Two U.S. Health and Human Services appointees left the agency this week after months of igniting controversy on social media, according to a report.
The departures signaled what one HHS source described as a “no-nonsense” and “highly professional” management approach being taken by HHS Secretary Alex Azar, Politico reported.
“There could be more changes to come as the secretary gets fully on board and staffed up,” the source told the news outlet.
“There could be more changes to come as the secretary gets fully on board and staffed up.”
Azar has been leading the agency since January, when the Senate confirmed his appointment by President Donald Trump.
The Politico report identified the two HHS staffers who’ve left the agency as Gavin Smith, a policy adviser who resigned Friday, and Tim Clark, the agency’s White House liaison, who is expected to depart in the coming weeks.
Prior to his HHS appointment, Clark was the Trump campaign’s California chairman. On more than one occasion, Clark punctuated tweets with the hastag “#SpiritCooking,” in reference to a debunked conspiracy theory that Hillary Clinton’s campaign chairman John Podesta engaged in Satanic ritual, the report said.
Smith gained a reputation for routinely mocking critics of the president, for example referring to U.S. senators as “crazy” or “clueless.”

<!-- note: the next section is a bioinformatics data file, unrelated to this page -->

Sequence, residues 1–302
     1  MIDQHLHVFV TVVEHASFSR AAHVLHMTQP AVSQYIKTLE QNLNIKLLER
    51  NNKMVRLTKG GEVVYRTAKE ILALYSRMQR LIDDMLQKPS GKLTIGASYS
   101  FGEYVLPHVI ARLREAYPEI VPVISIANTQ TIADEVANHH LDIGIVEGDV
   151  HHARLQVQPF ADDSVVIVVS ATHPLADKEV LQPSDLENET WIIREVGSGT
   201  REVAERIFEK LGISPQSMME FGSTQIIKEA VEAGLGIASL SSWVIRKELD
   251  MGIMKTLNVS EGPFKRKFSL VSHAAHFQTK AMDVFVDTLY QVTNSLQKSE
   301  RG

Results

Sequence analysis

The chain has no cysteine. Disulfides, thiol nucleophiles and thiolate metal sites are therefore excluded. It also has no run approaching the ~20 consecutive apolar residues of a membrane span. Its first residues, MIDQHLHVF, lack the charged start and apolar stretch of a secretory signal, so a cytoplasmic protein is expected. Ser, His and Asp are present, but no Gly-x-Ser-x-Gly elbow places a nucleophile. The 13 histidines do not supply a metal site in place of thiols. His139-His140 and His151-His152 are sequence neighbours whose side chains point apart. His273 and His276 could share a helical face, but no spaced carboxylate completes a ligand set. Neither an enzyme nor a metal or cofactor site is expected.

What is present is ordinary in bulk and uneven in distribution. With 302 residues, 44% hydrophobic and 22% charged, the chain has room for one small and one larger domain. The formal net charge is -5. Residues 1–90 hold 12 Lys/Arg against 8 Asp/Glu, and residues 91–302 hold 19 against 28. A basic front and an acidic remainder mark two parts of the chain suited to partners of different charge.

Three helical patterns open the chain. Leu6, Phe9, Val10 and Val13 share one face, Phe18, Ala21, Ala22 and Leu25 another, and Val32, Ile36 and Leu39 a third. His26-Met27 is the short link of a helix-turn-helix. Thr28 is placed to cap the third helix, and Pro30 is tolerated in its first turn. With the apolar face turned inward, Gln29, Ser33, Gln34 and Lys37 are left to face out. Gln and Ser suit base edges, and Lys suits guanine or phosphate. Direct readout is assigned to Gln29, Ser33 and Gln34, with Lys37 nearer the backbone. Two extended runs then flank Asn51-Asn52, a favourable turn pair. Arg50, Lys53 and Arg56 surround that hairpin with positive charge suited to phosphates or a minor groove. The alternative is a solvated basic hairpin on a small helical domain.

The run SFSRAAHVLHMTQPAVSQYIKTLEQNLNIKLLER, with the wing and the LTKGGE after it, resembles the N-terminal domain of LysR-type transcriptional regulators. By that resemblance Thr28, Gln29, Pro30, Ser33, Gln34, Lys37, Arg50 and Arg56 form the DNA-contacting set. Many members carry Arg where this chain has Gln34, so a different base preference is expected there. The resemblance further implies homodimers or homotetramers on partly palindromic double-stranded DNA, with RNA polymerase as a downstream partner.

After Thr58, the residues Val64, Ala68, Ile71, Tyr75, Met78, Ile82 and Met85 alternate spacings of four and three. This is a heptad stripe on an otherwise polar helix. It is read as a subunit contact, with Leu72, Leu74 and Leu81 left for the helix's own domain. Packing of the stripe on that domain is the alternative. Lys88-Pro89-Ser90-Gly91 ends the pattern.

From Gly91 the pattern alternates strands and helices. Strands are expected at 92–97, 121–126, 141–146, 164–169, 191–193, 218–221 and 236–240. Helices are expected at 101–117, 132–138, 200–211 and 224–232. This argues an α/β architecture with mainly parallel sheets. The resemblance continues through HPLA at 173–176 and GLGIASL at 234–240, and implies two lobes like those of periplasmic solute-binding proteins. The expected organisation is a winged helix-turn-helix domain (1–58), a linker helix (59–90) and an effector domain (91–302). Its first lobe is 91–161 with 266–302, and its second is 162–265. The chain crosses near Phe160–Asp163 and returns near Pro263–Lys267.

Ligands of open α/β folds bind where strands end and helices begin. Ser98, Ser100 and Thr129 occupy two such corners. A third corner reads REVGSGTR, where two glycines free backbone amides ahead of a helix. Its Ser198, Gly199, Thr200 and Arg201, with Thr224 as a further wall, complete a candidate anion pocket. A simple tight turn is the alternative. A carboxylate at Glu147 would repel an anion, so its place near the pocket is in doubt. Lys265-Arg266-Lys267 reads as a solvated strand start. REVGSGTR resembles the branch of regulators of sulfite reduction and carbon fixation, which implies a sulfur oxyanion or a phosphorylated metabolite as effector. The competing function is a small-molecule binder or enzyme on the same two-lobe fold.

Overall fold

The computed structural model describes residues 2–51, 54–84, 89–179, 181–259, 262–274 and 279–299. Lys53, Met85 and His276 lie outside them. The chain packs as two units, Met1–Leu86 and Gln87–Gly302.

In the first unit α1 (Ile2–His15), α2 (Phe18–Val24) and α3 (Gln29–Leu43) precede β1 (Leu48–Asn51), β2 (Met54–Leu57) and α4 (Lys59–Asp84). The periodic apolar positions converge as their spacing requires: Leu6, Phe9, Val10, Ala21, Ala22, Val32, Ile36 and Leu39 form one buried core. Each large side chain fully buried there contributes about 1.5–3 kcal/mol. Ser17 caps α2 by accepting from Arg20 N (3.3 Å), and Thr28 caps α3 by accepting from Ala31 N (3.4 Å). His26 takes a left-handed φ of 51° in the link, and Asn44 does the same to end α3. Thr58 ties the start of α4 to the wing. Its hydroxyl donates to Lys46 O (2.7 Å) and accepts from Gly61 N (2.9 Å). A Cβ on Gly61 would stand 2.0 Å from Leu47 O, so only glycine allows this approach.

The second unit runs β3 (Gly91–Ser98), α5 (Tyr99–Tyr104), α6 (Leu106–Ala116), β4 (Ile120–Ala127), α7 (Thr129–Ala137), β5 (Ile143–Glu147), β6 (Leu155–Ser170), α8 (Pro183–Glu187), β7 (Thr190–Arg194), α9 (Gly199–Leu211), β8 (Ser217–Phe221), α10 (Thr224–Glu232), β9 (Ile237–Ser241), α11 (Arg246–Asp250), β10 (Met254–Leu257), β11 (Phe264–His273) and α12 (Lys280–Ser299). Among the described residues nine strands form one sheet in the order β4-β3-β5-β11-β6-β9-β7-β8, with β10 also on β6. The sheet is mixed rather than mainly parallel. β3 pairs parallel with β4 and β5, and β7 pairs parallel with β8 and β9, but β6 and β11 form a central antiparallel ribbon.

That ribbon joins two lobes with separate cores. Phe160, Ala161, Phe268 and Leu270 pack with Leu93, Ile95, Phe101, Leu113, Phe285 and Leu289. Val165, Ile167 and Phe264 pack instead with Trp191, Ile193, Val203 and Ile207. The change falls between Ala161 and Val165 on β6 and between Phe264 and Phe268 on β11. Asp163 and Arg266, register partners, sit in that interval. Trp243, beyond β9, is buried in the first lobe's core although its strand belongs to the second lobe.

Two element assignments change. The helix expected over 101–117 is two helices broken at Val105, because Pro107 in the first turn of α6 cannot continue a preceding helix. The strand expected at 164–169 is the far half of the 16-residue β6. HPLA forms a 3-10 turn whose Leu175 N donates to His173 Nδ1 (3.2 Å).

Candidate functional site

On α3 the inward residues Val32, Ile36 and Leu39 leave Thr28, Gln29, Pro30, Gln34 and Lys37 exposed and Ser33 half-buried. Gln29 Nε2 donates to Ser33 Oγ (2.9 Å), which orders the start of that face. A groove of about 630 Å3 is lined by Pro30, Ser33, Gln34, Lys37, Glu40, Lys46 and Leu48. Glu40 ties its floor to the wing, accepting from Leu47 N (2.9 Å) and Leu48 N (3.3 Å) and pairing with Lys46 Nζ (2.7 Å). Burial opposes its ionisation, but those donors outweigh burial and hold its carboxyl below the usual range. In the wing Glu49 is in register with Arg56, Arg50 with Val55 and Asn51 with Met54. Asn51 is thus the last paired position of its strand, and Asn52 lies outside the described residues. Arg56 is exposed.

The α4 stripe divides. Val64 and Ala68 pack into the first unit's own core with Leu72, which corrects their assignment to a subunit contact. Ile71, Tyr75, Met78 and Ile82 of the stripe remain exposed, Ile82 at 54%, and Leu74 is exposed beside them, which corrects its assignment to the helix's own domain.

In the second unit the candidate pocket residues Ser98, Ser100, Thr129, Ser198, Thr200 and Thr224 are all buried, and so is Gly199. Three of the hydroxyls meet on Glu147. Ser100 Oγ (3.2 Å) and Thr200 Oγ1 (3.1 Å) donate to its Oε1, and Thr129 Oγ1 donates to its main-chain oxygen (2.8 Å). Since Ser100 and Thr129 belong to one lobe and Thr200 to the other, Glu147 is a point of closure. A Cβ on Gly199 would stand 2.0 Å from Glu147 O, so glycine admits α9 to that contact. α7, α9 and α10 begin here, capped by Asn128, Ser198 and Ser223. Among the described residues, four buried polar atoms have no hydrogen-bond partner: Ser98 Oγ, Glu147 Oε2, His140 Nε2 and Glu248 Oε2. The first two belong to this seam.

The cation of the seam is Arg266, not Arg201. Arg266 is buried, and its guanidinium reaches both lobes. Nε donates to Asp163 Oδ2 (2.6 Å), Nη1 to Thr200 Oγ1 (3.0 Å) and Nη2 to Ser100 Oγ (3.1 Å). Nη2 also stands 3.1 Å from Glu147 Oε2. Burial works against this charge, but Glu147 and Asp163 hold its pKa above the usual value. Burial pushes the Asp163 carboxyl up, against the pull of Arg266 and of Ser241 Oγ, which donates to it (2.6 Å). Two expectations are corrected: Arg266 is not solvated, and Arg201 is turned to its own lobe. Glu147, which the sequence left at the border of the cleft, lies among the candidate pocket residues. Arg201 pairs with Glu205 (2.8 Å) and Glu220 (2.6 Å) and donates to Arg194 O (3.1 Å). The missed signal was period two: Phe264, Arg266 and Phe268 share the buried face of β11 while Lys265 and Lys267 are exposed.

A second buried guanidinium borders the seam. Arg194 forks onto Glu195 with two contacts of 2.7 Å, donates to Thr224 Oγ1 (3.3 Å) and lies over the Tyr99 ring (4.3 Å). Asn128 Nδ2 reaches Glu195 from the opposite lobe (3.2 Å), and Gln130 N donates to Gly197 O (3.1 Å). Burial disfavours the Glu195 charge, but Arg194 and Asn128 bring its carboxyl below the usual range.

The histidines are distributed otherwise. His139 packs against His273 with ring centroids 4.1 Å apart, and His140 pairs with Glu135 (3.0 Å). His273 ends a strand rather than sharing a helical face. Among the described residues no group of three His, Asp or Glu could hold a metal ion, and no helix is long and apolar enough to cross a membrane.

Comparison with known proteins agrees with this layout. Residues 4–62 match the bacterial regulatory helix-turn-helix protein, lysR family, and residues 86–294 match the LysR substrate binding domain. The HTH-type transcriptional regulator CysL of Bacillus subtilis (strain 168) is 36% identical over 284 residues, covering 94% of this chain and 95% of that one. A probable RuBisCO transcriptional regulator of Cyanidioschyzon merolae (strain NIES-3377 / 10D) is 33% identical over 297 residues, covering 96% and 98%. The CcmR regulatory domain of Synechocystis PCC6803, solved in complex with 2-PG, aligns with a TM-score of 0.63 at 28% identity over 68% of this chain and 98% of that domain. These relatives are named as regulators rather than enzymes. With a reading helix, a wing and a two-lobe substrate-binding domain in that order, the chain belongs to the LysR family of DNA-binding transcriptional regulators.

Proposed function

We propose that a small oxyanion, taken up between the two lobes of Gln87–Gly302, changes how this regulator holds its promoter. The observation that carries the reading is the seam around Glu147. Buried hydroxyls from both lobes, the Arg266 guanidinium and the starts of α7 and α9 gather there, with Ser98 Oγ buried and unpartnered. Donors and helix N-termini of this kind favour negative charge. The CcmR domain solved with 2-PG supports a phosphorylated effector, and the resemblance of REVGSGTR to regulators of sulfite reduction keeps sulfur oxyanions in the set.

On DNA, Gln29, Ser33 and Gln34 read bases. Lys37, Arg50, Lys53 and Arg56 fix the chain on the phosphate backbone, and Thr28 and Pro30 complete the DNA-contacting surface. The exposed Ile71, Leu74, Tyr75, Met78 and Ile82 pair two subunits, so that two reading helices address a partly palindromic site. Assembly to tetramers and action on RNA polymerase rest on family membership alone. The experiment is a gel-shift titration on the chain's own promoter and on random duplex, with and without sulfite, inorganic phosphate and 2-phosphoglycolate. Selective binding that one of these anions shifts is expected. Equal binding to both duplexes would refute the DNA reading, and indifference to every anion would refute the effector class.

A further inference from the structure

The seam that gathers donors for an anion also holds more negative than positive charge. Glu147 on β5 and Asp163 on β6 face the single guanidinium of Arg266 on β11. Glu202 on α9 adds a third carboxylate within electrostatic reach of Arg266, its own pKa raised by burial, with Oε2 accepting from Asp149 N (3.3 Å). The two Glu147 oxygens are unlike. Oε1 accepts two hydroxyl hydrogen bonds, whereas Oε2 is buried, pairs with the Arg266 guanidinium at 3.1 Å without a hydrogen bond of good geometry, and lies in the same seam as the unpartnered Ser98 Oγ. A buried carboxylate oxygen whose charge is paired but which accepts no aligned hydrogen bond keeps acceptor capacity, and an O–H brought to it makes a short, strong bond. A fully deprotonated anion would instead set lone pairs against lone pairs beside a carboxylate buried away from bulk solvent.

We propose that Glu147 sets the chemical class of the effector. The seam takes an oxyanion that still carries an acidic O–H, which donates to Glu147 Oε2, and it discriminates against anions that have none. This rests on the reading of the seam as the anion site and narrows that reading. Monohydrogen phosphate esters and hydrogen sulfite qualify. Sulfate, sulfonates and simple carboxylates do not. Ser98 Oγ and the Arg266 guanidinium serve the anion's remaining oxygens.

The appointees’ incendiary posts had long been a headache for HHS, which received heightened attention after a Politico report.
Azar’s predecessor Tom Price resigned after reports of his use of “costly” private jets and fractious leadership.
Azar, 51, is married with two children. Prior to joining HHS, he lived in Indiana with his family for about a decade, according to his Health and Human Services Department biography.
The Yale-educated lawyer also attended Dartmouth College, where he graduated summa cum laude, according to the biography.
Azar, who once clerked for the late Supreme Court Justice Antonin Scalia, has spent a large chunk of his career in the healthcare industry.
He previously served as general counsel of HHS and later as deputy secretary of HHS under former President George W. Bush.
Fox News’ Madeline Farber contrinbuted to this story.
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HHS departures signal new secretary’s ‘no-nonsense’ approach: report
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